There are two reasons to buy an EVGA Classified video card and arguably the most important of them is overclocking. This also might be one of the most confusing things to understand when it comes to the KP Edition Card. Out of the box the KP Card is noticeably faster than any video card we have tested to date and this is due in part to the monster overclock programmed from the factory. Combine that with a healthy boost clock enhanced by Boost 2.0 technology and the KP card will run close to 1200Mhz without doing anything.
This is where things get tricky.
As we have mentioned the GTX 780 Ti Classified KP Edition is almost identical to the EVGA GTX 780 Ti Classified. The PCB layout is similar, the cooler is similar and some of the external features are the same. The differences are subtitle and designed to enhance overclocking but only if you can keep the card cool. “Cool” being the operative word.
After extensive testing and numerous failed attempts we settled on a rather tame overclock of 1320Mhz Core and 1800Mhz Memory (+130 / +100 respectively). To enable this overclock the power target was raised to 115% (using the secondary BIOS) along with setting one of the voltage switches giving the card and extra +25mV on top of the dynamic voltage provided by Boost 2.0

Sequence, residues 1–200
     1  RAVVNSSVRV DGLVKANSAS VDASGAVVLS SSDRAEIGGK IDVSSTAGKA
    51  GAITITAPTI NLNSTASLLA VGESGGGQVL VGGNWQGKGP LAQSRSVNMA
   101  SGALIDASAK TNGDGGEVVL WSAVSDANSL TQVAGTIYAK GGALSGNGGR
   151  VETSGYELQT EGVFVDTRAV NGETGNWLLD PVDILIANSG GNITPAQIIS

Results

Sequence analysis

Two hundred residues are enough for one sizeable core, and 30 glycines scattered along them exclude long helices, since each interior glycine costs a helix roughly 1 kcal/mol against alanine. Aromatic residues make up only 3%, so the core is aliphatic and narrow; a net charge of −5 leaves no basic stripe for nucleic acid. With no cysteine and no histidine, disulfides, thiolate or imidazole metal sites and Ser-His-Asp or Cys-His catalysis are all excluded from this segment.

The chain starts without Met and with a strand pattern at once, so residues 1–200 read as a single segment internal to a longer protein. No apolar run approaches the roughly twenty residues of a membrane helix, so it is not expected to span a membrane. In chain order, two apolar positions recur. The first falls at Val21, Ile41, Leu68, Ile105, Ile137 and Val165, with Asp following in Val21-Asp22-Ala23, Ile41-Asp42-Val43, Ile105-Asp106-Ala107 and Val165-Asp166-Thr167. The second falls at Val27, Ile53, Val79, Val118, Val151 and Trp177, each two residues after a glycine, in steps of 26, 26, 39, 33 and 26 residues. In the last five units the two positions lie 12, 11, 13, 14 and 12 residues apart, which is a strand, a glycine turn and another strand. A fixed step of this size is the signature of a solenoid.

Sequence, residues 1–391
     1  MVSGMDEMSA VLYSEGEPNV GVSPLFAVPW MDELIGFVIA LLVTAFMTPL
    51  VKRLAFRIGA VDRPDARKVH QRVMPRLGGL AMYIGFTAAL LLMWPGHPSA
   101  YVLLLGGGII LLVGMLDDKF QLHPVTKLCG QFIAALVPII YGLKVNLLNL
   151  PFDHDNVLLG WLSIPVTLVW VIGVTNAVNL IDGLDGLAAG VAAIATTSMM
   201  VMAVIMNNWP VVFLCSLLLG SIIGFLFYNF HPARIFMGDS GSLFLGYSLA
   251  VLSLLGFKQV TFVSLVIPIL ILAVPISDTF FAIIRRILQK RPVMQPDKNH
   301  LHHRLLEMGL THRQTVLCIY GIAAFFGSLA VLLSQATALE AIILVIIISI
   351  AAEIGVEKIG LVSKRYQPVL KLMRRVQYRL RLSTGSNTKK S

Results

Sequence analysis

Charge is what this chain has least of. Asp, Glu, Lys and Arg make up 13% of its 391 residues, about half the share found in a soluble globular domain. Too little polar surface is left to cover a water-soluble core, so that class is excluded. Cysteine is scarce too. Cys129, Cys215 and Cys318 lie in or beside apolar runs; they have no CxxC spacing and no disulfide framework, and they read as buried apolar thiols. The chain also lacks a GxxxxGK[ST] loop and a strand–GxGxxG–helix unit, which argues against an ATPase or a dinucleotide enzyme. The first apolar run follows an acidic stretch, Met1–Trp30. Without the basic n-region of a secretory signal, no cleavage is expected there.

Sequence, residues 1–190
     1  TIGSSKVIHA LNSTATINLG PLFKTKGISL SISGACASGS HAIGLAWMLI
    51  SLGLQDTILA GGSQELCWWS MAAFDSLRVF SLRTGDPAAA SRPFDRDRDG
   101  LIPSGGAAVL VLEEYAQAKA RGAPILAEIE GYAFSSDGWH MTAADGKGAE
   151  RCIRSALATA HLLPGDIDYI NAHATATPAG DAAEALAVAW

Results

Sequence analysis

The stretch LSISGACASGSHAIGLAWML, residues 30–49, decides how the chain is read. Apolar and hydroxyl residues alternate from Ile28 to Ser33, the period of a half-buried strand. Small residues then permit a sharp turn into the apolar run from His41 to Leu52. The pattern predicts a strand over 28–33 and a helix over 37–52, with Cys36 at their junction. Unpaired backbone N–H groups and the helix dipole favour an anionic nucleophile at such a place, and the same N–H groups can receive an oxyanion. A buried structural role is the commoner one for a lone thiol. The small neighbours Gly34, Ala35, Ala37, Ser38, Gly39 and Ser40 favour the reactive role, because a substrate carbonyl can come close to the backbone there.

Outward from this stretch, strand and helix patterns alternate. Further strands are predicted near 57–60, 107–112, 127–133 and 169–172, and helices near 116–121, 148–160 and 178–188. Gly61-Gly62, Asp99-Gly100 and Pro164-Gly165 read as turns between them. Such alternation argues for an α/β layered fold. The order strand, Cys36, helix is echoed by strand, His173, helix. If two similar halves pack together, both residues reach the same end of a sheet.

There is a modded BIOS floating around that is configured for LN2 overclocking and while we did try it we found it to be incompatible with our air testing methods and frankly was rather junky in comparison to the stock LN2 BIOS.
This is where we would normally tell you that this is the best video card we have ever used and point to numbers to reinforce this belief but in the big picture 1300Mhz Core / 1800Mhz Memory isn’t all that great. This is especially true when you consider that the regular Ti Classified we reviewed would approach 1350Mhz Core and hit 1950Mhz Memory with hardly any effort.
So, why did the KP Card give us so much trouble??
The reason is twofold. First this card is using high speed Samsung memory with tighter timings. Clock for clock the chips are faster than the Hynix used on the regular Classified and much like desktop memory the tighter timings limit overall frequency. The second is heat, our KP card would complete 3DMark 11 @ 1372Mhz Core but would immediately fail when running Firestrike. At first we figured this was a voltage issue but after watching the logs we found that when the core hit 65c artifacts would appear and eventually crash the driver. If we kept the card below 65c everything was fine.
In the end our research tell us that the memory has been tuned to provide the best performance at 1750Mhz and is basically maxed out at that frequency. The core has also been tuned to run at the selected frequency and doesn’t like getting warm. Of course the solution for both situations is to run everything colder which will happen in due time.